Should real estate funds be given 12 months notice?


The United Kingdom Association of investment companies argues that 12 months notice is needed to protect consumers and the economy from the risks of open real estate funds. This approach is adopted in Germany, where real estate funds experienced sustained investments before and during the COVID crisis, unlike the United Kingdom which experienced sustained cash outflows and long suspensions.

The Association said it welcomed the decision to use notice periods to protect investors, but believes the FCA (which recently consulted on open-ended real estate funds) should follow the evidence and not allow other considerations to influence its decision on the length of the notice period. period.

Ian sayers, Managing Director of the Association of Investment Companies (AIC), said:

“Notice periods for real estate funds will only work if they are set carefully and can adapt to all real life situations. The proof is that 180 days is not enough. Without proper standards, funds will still have to hold high levels of liquidity, sell assets on a discount sale, and be vulnerable to suspension. The priority of the FCA should be to protect consumers and it should not allow considerations such as the length of notice periods on cash deposits to influence its decision. The FCA is expected to adopt the German real estate fund model, which requires 12 months’ notice. This means the funds have performed as promised, with no suspension, and the sector has seen sustained investment even during some of the most difficult markets we have ever seen. “

Proof of a longer notice period on real estate funds

Research by real estate experts, and cited by the FCA, found that 40% of transactions would take more than eight months, which is significantly longer than the maximum notice period offered by the FCA. But this evidence still underestimates the time it would take for real estate funds to sell properties in order to repay investors.

The research does not take into account the time it takes for a fund to raise funds on property sales to cope with buyouts. The clock begins for a fund when the manager realizes that buyout pressure is forcing them to sell properties. This is earlier than when a property is first offered for sale or actively marketed.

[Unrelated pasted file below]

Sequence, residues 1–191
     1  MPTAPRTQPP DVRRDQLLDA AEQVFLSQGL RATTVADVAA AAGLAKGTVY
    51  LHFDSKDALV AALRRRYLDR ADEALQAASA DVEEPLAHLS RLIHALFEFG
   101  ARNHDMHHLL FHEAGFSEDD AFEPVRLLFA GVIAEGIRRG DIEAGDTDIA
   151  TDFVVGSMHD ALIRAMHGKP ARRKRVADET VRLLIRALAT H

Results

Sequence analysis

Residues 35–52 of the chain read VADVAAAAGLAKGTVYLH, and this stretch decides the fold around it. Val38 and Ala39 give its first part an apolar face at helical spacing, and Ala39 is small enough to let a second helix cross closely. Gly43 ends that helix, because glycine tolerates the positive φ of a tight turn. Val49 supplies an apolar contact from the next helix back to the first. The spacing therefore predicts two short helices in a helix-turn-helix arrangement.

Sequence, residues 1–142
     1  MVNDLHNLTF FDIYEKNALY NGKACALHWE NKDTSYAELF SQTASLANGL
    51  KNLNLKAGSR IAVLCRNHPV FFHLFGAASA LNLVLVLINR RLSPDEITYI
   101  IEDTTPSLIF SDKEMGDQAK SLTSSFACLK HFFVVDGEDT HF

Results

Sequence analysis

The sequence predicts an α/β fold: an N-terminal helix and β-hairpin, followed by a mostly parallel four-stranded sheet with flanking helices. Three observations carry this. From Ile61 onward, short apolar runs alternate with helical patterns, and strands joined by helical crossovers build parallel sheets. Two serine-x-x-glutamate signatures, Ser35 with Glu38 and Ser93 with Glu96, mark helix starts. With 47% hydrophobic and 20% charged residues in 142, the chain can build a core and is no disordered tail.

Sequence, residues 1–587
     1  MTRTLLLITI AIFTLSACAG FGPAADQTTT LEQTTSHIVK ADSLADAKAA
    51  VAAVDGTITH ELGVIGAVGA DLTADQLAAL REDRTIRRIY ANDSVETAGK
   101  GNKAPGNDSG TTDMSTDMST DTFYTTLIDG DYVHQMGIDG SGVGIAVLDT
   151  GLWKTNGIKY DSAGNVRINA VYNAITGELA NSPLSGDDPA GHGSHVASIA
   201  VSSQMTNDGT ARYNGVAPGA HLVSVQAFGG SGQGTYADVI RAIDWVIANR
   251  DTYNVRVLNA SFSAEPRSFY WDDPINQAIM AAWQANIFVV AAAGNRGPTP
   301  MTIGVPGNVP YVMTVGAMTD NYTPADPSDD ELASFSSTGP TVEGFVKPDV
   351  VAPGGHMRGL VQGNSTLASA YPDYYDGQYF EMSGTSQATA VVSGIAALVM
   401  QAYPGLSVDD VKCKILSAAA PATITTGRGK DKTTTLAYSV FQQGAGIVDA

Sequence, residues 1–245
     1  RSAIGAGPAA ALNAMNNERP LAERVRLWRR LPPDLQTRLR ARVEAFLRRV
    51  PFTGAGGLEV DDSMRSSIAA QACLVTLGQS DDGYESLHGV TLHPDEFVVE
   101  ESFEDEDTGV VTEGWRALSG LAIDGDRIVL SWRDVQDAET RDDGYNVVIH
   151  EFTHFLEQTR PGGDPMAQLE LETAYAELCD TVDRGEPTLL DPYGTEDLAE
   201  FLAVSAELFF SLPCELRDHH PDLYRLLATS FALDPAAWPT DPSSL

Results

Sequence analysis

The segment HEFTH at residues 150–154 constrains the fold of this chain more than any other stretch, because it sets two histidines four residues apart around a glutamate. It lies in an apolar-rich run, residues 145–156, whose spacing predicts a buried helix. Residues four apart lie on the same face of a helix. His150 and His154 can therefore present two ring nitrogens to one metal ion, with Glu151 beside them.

The research does not reflect aborted sales transactions. These are a fact of commercial life and greatly increase the time required to sell a significant portion of a real estate fund’s portfolio to cope with redemption pressures.

Transaction times are getting longer under more difficult market conditions. International standards require repayment terms that can handle “tense market conditions” without the need to suspend the fund. This must include periods such as after the Brexit referendum and late 2019, the two times UK real estate funds have been suspended.

AIC research looks at real estate transactions in general, rather than in relation to an individual fund. As Woodford Equity Income Fund demonstrated, initial redemptions consume cash first, then more liquid investments. If the pressure on redemptions continues, remaining investors are increasingly exposed to investments that take longer to sell. It is not enough that the notice period allows an exit for investors who choose to leave first, leaving others exposed to the risk of suspension. The rules should protect everyone.

A notice period must cover all types of real estate funds. A fund with attractive logistics properties may have a very different ability to meet a 180-day notice period than a fund specializing in, for example, shopping malls.

The AIC also questions whether the FCA takes into account issues such as notice periods on cash term deposit accounts when setting notice periods for real estate funds. Cash deposits do not involve any risk to capital, and an account holder’s decision to withdraw their money is without prejudice to other deposit holders.



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